Add to collection
  • + Create new collection
  • New Zealand has one of the fastest growing biotechnology industries in the world. What does this mean for our economy, employment, and research?

    The biotech boom

    Biotechnology is booming in New Zealand. Funding for biotechnology research and development increased by 20% between 2004 and 2005. In total, NZ$640 million was invested in biotechnology research in 2005.

    Biotech affects our economy

    See the other videos in the series, which look at how biotechnology has the potential to create better healthcare, improved foods, better and safer agriculture and cleaner industrial processing.

    Research and development in the area of biotechnology has increased employment opportunities and the number of new companies being formed in New Zealand, enabling more efficient and competitive industries. Many would argue that it has also improved our quality of life. In financial terms, biotechnology earns New Zealand $300–400 million each year.

    Who’s doing biotech in New Zealand?

    In 2005, there were 126 organisations involved in biotechnology research in New Zealand. These organisations include universities, Crown Research Institutes (CRIs), Centres of Research Excellence (CoREs) and privately owned companies. These privately owned companies are one of the fastest growing sectors in biotechnology, with the number almost doubling between 2004 and 2006.

    Biotech companies that listed on the New Zealand stock exchange in 2005 were estimated to be worth about NZ$2.1 billion – New Zealand biotechnology is big business!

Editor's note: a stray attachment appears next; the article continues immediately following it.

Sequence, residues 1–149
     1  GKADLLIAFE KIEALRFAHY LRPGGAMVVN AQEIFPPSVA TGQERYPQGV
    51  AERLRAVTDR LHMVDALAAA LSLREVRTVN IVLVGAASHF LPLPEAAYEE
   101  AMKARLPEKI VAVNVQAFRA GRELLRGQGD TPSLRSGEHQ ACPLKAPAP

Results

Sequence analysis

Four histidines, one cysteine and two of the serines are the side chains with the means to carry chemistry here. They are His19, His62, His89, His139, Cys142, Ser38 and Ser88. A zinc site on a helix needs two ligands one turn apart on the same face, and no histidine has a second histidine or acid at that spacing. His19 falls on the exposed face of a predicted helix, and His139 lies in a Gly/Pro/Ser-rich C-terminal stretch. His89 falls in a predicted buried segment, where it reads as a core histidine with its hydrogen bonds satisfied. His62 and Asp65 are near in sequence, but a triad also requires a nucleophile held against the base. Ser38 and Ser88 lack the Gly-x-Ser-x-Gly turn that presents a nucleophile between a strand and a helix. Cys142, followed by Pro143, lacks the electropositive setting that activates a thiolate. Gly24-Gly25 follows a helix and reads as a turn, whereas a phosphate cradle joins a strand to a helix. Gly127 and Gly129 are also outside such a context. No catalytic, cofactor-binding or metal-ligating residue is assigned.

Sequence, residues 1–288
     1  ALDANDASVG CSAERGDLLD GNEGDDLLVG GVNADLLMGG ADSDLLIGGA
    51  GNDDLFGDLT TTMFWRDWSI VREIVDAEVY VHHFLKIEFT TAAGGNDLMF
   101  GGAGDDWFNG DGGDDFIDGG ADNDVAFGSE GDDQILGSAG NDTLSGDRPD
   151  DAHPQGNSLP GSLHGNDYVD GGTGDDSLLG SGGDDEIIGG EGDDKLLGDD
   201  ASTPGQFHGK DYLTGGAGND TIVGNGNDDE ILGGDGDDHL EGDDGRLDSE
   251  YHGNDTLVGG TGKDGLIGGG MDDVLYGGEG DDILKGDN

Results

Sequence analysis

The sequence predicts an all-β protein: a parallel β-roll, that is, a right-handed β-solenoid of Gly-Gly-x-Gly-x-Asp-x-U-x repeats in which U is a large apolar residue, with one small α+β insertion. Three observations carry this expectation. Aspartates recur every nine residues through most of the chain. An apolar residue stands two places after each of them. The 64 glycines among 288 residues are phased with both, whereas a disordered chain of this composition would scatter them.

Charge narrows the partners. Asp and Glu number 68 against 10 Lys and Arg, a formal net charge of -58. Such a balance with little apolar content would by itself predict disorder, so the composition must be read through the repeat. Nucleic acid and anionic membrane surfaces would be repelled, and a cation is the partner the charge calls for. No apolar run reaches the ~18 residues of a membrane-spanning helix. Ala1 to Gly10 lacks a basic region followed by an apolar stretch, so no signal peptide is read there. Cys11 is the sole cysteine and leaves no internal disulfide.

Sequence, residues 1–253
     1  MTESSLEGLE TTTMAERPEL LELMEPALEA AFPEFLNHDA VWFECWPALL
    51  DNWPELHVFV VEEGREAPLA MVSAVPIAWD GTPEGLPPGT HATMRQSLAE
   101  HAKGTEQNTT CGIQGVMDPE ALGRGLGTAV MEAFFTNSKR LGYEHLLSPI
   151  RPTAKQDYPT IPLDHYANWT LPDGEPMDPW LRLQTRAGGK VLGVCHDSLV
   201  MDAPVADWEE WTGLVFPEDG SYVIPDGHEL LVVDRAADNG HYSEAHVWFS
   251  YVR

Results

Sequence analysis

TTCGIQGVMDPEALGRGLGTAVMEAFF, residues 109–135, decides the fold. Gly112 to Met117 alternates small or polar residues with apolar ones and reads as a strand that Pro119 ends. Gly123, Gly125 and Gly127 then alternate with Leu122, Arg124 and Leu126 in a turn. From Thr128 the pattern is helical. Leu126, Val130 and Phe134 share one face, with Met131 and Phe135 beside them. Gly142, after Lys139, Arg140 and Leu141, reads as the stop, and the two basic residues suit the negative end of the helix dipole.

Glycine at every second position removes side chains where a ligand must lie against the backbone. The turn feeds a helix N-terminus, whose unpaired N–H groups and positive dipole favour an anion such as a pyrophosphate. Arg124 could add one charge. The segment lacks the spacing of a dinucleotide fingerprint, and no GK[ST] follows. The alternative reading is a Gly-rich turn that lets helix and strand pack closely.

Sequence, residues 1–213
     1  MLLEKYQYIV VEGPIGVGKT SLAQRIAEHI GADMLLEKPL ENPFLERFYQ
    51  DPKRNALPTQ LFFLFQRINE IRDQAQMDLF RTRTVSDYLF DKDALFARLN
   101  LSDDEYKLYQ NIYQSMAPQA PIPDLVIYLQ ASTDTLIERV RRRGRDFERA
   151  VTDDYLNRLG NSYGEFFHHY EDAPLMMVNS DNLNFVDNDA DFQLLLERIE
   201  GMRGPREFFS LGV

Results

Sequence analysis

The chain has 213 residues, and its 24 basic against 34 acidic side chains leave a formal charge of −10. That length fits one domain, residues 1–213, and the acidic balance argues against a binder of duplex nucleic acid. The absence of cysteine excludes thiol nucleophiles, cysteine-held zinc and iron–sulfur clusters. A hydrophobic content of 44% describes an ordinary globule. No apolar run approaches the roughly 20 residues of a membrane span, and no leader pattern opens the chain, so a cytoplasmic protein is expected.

New biotechnology companies are sometimes spin-outs, which arise from research being carried out by universities, CRIs or other companies. Spin-out companies tend to focus on a new idea or commercialise intellectual property (IP). Examples of spin-out companies are:

    • Biopolymer Network – a spin-out from Canesis, Crop & Food Research and Scion
    • Zygem – a spin-out from the University of Auckland and the University of Waikato
    • Keratec – a spin-out from Canesis.

    Find out more about research and development in New Zealand.

    What are New Zealand’s biotechnology strengths?

    More than 2,200 people work in biotechnology in New Zealand. They specialise in four main research areas:

    • Agricultural biotechnology (35%)
    • Medical devices and diagnostics (28%)
    • Human health applications (23%)
    • Industrial applications (14%)

    Who uses New Zealand’s biotechnology?

    New Zealand exports its biotechnology to over 60 countries. The income from these exports was NZ$142 million in 2005.

      Published 16 November 2007 Referencing Hub articles
          Go to full glossary
          Download all